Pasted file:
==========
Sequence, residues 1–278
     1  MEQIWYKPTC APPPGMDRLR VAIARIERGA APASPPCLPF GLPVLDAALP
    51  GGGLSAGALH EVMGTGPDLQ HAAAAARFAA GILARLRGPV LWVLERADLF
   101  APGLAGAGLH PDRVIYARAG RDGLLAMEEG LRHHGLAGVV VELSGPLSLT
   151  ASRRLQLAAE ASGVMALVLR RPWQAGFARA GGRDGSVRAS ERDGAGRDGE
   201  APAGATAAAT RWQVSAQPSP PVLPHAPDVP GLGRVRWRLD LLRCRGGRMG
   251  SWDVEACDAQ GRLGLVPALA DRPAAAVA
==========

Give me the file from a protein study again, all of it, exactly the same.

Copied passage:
Sequence, residues 1–278
     1  MEQIWYKPTC APPPGMDRLR VAIARIERGA APASPPCLPF GLPVLDAALP
    51  GGGLSAGALH EVMGTGPDLQ HAAAAARFAA GILARLRGPV LWVLERADLF
   101  APGLAGAGLH PDRVIYARAG RDGLLAMEEG LRHHGLAGVV VELSGPLSLT
   151  ASRRLQLAAE ASGVMALVLR RPWQAGFARA GGRDGSVRAS ERDGAGRDGE
   201  APAGATAAAT RWQVSAQPSP PVLPHAPDVP GLGRVRWRLD LLRCRGGRMG
   251  SWDVEACDAQ GRLGLVPALA DRPAAAVA